Normally in the cross-hairs, China’s exchange-rate policy received a free pass as Europe’s debt crisis took center stage when the Group of 20 met over the weekend in Mexico City. From The Wall Street Journal:
While capital flows and currency policy are still on the table at the G-20, they’ve “lost some prominence given the focus on the euro-area crisis,” said Paulo Nogueira Batista, Brazil’s executive director at the International Monetary Fund
The official statement from the G-20 finance ministers and central bankers on Sunday didn’t discuss foreign exchange issues at all.
Instead of censuring China for its yuan policy, as he consistently has in previous G-20 meetings, U.S. Treasury Secretary Timothy Geithner over the weekend praised Beijing’s economic reforms and the 40% appreciation of the yuan against the dollar since 2005.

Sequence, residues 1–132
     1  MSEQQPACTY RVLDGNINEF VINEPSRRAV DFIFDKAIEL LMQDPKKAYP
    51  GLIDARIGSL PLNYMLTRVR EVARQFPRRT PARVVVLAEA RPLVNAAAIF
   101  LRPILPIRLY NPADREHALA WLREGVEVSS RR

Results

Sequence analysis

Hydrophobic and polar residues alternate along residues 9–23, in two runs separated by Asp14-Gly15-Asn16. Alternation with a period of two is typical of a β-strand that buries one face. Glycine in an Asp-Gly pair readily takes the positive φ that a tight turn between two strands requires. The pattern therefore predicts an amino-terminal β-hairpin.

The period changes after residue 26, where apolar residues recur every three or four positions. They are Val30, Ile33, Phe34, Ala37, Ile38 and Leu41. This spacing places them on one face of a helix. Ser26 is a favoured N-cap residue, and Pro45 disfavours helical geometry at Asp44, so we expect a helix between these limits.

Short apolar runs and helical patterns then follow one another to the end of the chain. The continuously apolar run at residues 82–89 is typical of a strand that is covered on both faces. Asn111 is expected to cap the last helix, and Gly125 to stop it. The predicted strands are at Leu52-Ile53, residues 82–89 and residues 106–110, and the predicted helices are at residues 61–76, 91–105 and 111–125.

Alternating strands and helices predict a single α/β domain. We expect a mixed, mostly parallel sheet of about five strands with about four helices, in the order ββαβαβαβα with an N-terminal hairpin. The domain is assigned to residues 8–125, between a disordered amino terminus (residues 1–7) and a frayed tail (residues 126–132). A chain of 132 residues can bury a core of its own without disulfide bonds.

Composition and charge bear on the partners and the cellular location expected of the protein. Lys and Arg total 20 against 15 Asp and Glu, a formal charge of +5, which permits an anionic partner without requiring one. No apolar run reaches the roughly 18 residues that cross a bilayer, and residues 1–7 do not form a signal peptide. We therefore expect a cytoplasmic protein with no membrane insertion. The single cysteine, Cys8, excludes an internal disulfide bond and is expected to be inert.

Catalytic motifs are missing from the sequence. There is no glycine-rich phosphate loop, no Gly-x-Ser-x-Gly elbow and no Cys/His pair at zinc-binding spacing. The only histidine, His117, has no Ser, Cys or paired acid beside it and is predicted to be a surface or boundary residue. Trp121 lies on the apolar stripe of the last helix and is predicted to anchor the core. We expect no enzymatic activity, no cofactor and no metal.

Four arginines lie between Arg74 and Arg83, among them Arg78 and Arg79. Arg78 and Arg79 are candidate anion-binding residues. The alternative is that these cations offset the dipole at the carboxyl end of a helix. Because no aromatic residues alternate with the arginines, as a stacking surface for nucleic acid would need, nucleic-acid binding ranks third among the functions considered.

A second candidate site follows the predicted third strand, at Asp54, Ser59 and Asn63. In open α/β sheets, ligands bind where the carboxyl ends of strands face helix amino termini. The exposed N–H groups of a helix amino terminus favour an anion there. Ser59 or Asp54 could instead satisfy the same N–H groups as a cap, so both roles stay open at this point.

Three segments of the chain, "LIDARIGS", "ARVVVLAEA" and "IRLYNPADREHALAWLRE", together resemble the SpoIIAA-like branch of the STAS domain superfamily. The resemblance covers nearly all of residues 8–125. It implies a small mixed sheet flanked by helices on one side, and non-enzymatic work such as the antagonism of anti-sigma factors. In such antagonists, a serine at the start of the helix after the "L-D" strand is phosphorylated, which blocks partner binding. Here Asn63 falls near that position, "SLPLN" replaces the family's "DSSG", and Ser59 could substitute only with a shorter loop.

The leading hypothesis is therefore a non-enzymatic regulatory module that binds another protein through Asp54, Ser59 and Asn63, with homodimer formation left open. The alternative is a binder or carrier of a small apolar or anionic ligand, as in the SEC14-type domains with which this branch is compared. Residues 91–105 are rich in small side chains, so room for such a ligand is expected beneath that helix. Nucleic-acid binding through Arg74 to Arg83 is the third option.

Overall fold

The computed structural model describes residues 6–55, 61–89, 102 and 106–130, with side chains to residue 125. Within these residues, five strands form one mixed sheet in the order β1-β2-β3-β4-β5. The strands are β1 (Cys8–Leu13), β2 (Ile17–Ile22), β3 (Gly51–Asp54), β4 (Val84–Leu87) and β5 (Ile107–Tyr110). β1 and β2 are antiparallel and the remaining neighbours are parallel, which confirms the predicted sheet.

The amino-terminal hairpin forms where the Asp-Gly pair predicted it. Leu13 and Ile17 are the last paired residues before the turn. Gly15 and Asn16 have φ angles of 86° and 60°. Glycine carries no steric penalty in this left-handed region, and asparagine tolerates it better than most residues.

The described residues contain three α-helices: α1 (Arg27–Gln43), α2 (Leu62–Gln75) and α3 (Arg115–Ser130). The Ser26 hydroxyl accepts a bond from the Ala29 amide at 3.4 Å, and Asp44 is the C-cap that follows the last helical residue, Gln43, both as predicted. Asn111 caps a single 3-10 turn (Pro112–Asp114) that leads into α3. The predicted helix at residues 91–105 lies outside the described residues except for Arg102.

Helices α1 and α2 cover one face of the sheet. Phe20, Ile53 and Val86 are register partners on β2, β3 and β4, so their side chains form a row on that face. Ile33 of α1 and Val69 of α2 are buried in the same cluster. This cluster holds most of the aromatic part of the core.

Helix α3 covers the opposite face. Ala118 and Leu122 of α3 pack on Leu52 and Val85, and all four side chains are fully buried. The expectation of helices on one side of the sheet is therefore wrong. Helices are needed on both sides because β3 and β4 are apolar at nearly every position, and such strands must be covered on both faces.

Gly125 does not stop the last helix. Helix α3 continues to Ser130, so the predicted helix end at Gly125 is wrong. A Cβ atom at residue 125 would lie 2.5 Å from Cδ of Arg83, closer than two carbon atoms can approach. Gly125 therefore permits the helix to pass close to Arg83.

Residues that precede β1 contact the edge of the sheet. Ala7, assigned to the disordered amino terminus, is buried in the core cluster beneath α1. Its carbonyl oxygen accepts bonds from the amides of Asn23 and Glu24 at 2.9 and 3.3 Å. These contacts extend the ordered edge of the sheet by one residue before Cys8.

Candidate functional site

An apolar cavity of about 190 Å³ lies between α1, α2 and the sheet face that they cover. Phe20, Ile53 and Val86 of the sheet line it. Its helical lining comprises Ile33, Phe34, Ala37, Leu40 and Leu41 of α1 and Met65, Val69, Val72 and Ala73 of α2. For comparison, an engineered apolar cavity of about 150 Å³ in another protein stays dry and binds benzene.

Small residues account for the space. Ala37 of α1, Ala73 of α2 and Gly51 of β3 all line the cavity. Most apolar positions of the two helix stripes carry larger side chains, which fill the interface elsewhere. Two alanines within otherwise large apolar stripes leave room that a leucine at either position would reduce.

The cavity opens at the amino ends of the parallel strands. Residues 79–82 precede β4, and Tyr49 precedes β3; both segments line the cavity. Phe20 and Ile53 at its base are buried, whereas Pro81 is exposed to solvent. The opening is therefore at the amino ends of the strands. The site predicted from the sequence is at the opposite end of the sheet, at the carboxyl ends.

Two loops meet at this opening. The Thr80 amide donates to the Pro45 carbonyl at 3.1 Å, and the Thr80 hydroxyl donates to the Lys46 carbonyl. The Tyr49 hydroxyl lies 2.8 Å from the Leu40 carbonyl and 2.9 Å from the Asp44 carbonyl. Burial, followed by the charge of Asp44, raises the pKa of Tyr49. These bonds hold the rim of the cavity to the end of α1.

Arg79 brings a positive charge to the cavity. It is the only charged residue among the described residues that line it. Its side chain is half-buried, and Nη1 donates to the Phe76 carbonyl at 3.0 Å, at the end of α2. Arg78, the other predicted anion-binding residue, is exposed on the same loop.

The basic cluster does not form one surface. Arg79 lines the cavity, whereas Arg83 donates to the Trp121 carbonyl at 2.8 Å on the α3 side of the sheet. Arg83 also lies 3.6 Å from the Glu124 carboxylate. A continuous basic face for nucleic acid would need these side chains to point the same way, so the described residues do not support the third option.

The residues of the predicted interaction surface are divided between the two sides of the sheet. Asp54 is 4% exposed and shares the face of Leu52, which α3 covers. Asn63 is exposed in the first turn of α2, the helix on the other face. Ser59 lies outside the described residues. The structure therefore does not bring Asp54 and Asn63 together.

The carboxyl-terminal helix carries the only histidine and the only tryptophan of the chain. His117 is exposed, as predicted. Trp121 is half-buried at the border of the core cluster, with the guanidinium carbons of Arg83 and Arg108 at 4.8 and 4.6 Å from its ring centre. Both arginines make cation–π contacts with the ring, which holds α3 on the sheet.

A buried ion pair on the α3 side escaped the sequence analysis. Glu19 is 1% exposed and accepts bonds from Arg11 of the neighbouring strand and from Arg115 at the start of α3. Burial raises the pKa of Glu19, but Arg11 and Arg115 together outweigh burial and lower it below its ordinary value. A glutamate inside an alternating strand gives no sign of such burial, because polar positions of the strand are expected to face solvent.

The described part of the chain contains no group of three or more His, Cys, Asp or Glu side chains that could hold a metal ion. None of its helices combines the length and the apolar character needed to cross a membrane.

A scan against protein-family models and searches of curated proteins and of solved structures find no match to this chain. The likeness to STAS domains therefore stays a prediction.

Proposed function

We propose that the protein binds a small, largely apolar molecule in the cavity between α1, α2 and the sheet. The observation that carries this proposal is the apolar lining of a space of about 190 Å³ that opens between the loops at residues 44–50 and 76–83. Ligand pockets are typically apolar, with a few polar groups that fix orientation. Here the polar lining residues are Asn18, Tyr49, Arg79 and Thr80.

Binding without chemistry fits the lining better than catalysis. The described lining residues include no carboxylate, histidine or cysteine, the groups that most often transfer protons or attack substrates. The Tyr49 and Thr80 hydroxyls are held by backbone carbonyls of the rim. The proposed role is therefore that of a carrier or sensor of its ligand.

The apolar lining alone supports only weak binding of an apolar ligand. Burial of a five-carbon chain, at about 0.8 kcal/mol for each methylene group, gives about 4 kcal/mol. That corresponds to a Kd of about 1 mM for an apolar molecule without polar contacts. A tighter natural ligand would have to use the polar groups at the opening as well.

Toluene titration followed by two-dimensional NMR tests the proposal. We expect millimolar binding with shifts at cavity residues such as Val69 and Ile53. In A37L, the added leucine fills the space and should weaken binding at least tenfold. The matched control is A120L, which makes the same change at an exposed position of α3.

“China has played I think a really responsible, stabilizing role, despite its relative newcomer status,” Geithner said at a banking conference alongside the G-20. “There’s been a dramatic change in the organization and structure of the economy towards domestic demand,” he said. He said later in the weekend that currency appreciation is still in China’s interest.
In a statement over the weekend, People’s Bank of China adviser Li Daokui said that the yuan would likely move both ways before reaching an appropriate level in the next 18 months. From The People’s Daily:
“The yuan exchange rate will undergo gradual adjustment for one year to a year and a half before it can stabilize. In other words, the yuan may be able to fluctuate in both directions until then,” the China Securities Journal quoted Li as saying yesterday.
The yuan has gained nearly 30 percent since China broke its peg to the US dollar in 2005. Li said the yuan is now close to a balanced level and China’s trade surplus is likely to fall below 1 percent of its gross domestic product this year. The yuan gained 0.02 percent this week to close at 6.2978 yesterday, according to the China Foreign Exchange Trade System. Li said his estimation was based on relatively steady growth in China and around the world.